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If too much people pay attention to adverse selection, I'd argue that there's an opposite effect: advantageous selection.

Imagine a world where every venture capitalist only invests in 'hot' rounds. Like this post advocates, they become wary when they're easily able to trade their cash for a company's equity. In this world, the market is inefficient. Supposing you have the cash to keep your portfolio companies alive (e.g., you're SoftBank), you'd be much better off only investing in the companies that other investors don't want to touch. This is because even though the hot startups are on average better startups (because of adverse selection), the low prices you pay for the not-hot startups should more than make up for it. Warren Buffet famously recommends "to be fearful when others are greedy and to be greedy only when others are fearful." And it's a rule of markets that in order to make outsized returns, you need to be both right and contrarian.

The rule I apply is considering the quality of the average market participant's information. Back to your Alice's Restaurant vs. Bob's Burgers example, it'd matter a lot whether the typical eater is a local or a tourist. If it looks like most eaters are locals, they likely have very good information on both places: almost all of them have likely tried both multiple times. But if they're all tourists, people may have just gone to the restaurant because they saw others there. In effect, there's a speculative bubble in Alice's food. So you're probably better going off the beaten path: although Bob's burgers is ceteris paribus of lower quality, the extra benefits (e.g., better service, chef can pay attention to crafting you an excellent burger) will ceteris paribus make up for it!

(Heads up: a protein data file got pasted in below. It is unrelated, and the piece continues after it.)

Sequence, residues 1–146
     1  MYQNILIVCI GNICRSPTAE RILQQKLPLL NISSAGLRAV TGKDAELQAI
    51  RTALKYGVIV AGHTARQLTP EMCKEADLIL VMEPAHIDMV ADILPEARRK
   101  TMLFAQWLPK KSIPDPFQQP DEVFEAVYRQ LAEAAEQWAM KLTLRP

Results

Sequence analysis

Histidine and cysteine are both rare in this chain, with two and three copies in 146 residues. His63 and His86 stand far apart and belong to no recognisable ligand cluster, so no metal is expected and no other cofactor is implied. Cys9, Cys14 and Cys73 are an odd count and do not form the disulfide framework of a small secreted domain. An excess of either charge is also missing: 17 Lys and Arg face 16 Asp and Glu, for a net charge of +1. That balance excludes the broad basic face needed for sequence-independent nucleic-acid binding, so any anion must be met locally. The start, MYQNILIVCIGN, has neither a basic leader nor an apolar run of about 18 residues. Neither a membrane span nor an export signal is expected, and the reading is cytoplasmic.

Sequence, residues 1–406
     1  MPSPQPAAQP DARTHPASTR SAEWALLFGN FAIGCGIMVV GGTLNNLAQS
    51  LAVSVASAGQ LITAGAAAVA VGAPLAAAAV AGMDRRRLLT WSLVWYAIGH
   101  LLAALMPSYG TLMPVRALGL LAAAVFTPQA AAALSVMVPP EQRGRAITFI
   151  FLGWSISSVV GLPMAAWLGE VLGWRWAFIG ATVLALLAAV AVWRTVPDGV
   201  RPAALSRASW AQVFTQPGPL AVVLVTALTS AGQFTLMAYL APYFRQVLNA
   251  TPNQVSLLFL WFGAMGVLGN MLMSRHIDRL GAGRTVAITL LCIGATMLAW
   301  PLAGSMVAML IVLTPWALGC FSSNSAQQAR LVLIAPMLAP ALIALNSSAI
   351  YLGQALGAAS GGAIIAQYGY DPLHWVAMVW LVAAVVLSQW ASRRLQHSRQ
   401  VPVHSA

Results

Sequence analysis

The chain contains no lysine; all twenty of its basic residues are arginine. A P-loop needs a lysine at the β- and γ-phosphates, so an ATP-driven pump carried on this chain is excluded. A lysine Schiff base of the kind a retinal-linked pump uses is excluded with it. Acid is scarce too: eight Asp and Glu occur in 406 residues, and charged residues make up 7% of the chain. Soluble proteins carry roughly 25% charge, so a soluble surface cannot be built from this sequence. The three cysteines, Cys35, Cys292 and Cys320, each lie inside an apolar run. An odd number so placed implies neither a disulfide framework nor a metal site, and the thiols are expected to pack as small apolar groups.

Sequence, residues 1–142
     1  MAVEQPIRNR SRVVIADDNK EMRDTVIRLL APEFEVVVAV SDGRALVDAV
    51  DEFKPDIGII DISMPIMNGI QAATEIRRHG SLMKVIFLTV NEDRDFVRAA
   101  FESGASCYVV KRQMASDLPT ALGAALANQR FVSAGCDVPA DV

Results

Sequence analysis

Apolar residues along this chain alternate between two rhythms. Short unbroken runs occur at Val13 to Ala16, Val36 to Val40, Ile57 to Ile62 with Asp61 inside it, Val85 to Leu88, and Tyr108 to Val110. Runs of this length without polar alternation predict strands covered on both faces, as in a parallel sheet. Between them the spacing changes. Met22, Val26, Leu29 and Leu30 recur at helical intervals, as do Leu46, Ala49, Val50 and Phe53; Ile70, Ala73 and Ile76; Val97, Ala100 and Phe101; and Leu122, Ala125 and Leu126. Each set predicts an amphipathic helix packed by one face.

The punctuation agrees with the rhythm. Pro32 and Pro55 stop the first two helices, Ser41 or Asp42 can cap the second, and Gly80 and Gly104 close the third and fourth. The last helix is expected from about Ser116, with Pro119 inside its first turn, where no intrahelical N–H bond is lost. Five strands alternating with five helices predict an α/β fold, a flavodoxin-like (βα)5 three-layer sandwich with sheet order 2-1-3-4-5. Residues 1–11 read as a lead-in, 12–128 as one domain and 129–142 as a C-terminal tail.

Thus the statement 'If I am the king of England, the moon is made of blue cheese' is 'true' (assuming I am not the king of England), and so is the statement 'If I am the king of England, the moon is NOT made of blue cheese'. Thus, 'B' AND 'not B'. 

This doesn't prove B and not B, it proves (~A OR B) AND (~A OR ~B), which is true since A is false (you are not the King of England).


Another way to frame this: correct for biases in your sensitivity to new information.

Enron was too insensitive to new information. It biased itself towards insensitivity by rewarding those who stuck to the party line.

Conversely, a founder who gives up after hearing a few 'no's from investors is likely too sensitive to new information. They're biased in the opposite direction: it's often easier to give up than to trudge on.

Eliezer's point is that most of us are too insensitive to new information because it's painful to admit that we were wrong. I can agree with this, but it's also not a universal truth because there are times where it's painful to admit that we were right. The universal truth is that it's good to correct for biases in your sensitivity to new information.


  • Alice moves to Examplestan, where everyone believes that 3+2=7. Alice should be less sensitive to new information on the sum of 3 and 2 because it's easier to conform.
  • Bob is a fervent ateapotist (someone who doesn't believe that there's a teapot between Earth and Mars), has mostly ateapotist friends, and heads up the local ateapotist club. If NASA publishes new images of a teapot between Earth and Mars, Bob should be more sensitive to those images than he's inclined to be because it's easier to stick with what he already believes (and retain his friends) than to discard what he believes (and lose his friends).